Google has struck a tax deal with the UK government involving the payment of £130 million ($185 million) in back taxes since 2005. This deal counters complaints that the search giant, like other major multinationals including Amazon, has avoided paying its fair share of business taxes by booking revenue and profits across borders. However, critics were quick to condemn the deal as “derisory,” pointing out that the announced figure amounted to a tax rate of just 2.77 percent on Google’s UK earnings over the last decade, compared to a standard UK corporation tax rate of 20 percent. Britain’s opposition Labour Party has already called for an investigation.
A Google statement on the deal said: “We will now pay tax based on revenue from UK-based advertisers, which reflects the size and scope of our UK business. The way multinational companies are taxed has been debated for many years and the international tax system is changing as a result. This settlement reflects that shift and is in line with recent OECD guidance.”
The deal might not have attracted so much attention, and criticism, if the UK government hadn’t tried to play politics with it. UK chancellor George Osborne trumpeted the deal as “a major success of our tax policy” at the World Economic Forum in Davos. That kind of claim was a gift to opponents. Prem Sikka, professor of accounting at Essex University, estimated Google’s margins in the UK at around 30 percent for Reuters, and said “this is a lousy number and we need to know more.”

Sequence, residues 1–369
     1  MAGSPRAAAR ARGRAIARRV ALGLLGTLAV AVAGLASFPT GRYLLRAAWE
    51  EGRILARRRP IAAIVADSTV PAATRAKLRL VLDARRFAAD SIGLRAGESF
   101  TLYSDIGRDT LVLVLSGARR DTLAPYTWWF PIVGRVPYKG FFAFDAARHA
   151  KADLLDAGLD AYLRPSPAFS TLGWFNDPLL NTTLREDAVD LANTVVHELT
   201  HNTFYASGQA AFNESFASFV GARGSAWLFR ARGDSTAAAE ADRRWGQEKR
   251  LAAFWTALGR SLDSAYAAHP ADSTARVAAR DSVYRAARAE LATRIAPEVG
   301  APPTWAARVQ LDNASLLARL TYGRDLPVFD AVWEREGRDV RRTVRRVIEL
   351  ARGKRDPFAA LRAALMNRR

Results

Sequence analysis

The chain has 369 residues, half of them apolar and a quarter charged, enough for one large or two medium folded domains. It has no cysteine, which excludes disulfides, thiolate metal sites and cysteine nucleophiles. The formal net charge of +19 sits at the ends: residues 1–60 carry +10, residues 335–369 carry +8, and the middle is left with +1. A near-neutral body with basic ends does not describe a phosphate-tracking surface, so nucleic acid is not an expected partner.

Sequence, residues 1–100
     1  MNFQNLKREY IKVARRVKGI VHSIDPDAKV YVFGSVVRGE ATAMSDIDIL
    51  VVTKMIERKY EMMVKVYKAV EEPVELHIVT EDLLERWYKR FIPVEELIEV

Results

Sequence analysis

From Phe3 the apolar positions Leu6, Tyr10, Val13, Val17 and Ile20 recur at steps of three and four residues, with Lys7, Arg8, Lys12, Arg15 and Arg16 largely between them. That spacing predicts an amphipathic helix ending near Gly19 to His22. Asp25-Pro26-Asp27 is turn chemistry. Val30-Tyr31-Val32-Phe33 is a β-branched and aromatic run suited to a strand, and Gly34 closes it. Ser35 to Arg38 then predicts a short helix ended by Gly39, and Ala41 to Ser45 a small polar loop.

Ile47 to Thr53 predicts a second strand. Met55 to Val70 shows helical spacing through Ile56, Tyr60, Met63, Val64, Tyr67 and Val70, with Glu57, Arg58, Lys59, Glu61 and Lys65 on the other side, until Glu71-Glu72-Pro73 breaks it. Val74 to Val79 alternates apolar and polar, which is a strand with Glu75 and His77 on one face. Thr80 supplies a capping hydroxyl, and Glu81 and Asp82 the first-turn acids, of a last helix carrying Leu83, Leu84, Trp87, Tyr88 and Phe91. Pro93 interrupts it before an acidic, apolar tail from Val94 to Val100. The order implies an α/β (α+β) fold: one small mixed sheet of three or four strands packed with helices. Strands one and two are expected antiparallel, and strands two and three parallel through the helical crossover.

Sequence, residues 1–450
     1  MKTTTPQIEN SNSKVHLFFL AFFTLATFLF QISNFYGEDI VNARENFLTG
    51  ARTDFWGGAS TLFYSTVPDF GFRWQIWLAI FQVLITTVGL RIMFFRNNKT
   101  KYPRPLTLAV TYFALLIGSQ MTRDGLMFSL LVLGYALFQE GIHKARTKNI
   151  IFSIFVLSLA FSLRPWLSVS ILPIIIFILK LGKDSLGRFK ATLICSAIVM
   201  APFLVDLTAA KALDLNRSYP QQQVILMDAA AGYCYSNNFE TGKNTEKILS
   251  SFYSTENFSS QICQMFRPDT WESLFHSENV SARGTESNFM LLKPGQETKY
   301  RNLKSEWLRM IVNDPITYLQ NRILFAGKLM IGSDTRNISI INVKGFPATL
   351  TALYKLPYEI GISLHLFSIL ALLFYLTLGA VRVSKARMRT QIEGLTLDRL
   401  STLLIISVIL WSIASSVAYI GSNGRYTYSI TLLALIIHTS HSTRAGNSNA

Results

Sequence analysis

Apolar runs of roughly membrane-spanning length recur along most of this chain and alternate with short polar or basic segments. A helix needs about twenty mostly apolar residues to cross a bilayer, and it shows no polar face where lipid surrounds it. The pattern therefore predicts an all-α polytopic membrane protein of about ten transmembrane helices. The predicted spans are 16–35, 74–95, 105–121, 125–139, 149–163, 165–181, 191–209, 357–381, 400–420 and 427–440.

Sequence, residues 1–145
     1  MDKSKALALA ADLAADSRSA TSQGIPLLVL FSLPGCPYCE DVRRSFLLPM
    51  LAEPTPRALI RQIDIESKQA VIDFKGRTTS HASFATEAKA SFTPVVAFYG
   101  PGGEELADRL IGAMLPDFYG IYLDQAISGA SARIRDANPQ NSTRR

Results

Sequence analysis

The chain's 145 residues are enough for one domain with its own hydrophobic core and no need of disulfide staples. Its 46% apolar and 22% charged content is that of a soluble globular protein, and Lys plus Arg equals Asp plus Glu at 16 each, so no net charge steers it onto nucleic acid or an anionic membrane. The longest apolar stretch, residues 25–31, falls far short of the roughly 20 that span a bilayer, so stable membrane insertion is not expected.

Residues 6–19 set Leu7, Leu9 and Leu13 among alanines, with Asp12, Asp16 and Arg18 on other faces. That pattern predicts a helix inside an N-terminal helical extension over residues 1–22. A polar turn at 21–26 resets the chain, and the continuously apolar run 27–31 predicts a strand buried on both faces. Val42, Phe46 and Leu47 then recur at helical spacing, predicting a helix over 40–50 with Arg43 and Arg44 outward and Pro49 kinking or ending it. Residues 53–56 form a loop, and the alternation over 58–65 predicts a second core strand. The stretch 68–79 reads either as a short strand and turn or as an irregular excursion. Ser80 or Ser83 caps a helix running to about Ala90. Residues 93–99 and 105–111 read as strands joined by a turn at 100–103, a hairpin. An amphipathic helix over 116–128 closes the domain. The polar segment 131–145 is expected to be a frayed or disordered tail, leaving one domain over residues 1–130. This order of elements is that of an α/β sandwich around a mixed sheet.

Could Amazon be next in line in the UK? Amazon has certainly been at least as prominent than Google in the headlines for cross-border tax avoidance practices, in the UK and elsewhere. Authors and others have staged highly public boycotts and similar protests over Amazon’s use of international tax arrangements – which, incidentally, are pretty much the norm among MNCs in just about every sector.
I’m not being any more of an Amazon fanboy than usual about this. However, I am impatient with the anti-U.S. hostility, Luddite conservatism, and Little Englanderishness hidden in these critics’ righteous indignation against Google and Amazon. And any of those critics who want to see Amazon humbled are likely to be disappointed by the precedent set by the Google deal. There’s no reason to doubt Google’s statement that the latest UK settlement is in line with OECD guidance. And if that’s so, Amazon might end up paying a paltry c. 3 percent on its UK revenues too. I’m sure that will give Jeff Bezos some sleepless nights. Much.